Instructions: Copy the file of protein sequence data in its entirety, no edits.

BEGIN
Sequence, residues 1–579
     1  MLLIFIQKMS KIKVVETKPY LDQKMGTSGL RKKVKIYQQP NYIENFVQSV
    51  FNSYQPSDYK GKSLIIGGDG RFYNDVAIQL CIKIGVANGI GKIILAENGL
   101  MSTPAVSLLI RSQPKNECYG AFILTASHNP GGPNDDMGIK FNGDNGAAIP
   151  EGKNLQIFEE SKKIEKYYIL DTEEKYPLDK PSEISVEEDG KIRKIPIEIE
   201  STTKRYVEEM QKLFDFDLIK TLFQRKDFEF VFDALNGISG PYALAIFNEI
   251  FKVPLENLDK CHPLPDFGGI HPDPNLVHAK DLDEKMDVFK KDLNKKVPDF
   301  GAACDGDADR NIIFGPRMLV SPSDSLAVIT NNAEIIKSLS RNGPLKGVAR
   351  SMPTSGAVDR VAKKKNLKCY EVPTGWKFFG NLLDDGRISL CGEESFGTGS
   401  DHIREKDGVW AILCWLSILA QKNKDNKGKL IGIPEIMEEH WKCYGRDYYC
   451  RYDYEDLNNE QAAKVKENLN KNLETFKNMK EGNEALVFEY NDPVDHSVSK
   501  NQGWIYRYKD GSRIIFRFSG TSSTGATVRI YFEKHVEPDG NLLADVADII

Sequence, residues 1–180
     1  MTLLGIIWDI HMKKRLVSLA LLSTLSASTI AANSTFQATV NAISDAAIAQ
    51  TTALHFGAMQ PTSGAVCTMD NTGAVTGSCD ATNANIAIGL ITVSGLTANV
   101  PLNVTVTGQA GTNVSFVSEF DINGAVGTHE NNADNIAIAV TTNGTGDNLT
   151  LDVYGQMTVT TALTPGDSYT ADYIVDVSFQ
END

Sequence, residues 1–579
     1  MLLIFIQKMS KIKVVETKPY LDQKMGTSGL RKKVKIYQQP NYIENFVQSV
    51  FNSYQPSDYK GKSLIIGGDG RFYNDVAIQL CIKIGVANGI GKIILAENGL
   101  MSTPAVSLLI RSQPKNECYG AFILTASHNP GGPNDDMGIK FNGDNGAAIP
   151  EGKNLQIFEE SKKIEKYYIL DTEEKYPLDK PSEISVEEDG KIRKIPIEIE
   201  STTKRYVEEM QKLFDFDLIK TLFQRKDFEF VFDALNGISG PYALAIFNEI
   251  FKVPLENLDK CHPLPDFGGI HPDPNLVHAK DLDEKMDVFK KDLNKKVPDF
   301  GAACDGDADR NIIFGPRMLV SPSDSLAVIT NNAEIIKSLS RNGPLKGVAR
   351  SMPTSGAVDR VAKKKNLKCY EVPTGWKFFG NLLDDGRISL CGEESFGTGS
   401  DHIREKDGVW AILCWLSILA QKNKDNKGKL IGIPEIMEEH WKCYGRDYYC
   451  RYDYEDLNNE QAAKVKENLN KNLETFKNMK EGNEALVFEY NDPVDHSVSK
   501  NQGWIYRYKD GSRIIFRFSG TSSTGATVRI YFEKHVEPDG NLLADVADII

Sequence, residues 1–180
     1  MTLLGIIWDI HMKKRLVSLA LLSTLSASTI AANSTFQATV NAISDAAIAQ
    51  TTALHFGAMQ PTSGAVCTMD NTGAVTGSCD ATNANIAIGL ITVSGLTANV
   101  PLNVTVTGQA GTNVSFVSEF DINGAVGTHE NNADNIAIAV TTNGTGDNLT
   151  LDVYGQMTVT TALTPGDSYT ADYIVDVSFQ